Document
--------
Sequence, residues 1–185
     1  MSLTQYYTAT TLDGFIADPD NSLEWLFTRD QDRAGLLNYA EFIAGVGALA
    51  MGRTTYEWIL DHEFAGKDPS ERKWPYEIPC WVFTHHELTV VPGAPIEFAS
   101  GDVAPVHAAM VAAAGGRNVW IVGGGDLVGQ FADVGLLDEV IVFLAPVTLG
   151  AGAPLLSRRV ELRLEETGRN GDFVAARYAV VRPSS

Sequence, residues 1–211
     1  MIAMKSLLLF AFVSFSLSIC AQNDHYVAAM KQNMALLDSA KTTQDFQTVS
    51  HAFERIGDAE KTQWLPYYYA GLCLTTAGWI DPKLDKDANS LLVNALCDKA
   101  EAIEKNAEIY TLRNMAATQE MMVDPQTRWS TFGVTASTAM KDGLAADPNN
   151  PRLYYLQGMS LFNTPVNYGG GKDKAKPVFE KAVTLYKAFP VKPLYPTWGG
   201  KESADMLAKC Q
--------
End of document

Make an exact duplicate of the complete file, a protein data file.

Sequence, residues 1–185
     1  MSLTQYYTAT TLDGFIADPD NSLEWLFTRD QDRAGLLNYA EFIAGVGALA
    51  MGRTTYEWIL DHEFAGKDPS ERKWPYEIPC WVFTHHELTV VPGAPIEFAS
   101  GDVAPVHAAM VAAAGGRNVW IVGGGDLVGQ FADVGLLDEV IVFLAPVTLG
   151  AGAPLLSRRV ELRLEETGRN GDFVAARYAV VRPSS

Sequence, residues 1–211
     1  MIAMKSLLLF AFVSFSLSIC AQNDHYVAAM KQNMALLDSA KTTQDFQTVS
    51  HAFERIGDAE KTQWLPYYYA GLCLTTAGWI DPKLDKDANS LLVNALCDKA
   101  EAIEKNAEIY TLRNMAATQE MMVDPQTRWS TFGVTASTAM KDGLAADPNN
   151  PRLYYLQGMS LFNTPVNYGG GKDKAKPVFE KAVTLYKAFP VKPLYPTWGG
   201  KESADMLAKC Q